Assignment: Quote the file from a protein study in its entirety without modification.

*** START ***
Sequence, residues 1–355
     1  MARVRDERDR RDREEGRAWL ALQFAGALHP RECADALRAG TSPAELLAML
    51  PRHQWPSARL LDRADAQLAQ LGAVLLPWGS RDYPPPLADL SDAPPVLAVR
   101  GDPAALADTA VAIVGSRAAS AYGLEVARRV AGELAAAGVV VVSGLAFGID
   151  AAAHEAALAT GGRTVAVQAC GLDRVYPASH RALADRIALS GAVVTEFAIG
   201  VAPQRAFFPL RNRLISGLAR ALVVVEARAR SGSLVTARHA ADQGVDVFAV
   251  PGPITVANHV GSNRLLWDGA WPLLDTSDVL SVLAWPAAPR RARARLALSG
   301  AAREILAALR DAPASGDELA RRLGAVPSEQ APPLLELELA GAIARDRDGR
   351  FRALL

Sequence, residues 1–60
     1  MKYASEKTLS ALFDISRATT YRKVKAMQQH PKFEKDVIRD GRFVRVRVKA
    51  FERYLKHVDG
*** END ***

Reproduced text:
Sequence, residues 1–355
     1  MARVRDERDR RDREEGRAWL ALQFAGALHP RECADALRAG TSPAELLAML
    51  PRHQWPSARL LDRADAQLAQ LGAVLLPWGS RDYPPPLADL SDAPPVLAVR
   101  GDPAALADTA VAIVGSRAAS AYGLEVARRV AGELAAAGVV VVSGLAFGID
   151  AAAHEAALAT GGRTVAVQAC GLDRVYPASH RALADRIALS GAVVTEFAIG
   201  VAPQRAFFPL RNRLISGLAR ALVVVEARAR SGSLVTARHA ADQGVDVFAV
   251  PGPITVANHV GSNRLLWDGA WPLLDTSDVL SVLAWPAAPR RARARLALSG
   301  AAREILAALR DAPASGDELA RRLGAVPSEQ APPLLELELA GAIARDRDGR
   351  FRALL

Sequence, residues 1–60
     1  MKYASEKTLS ALFDISRATT YRKVKAMQQH PKFEKDVIRD GRFVRVRVKA
    51  FERYLKHVDG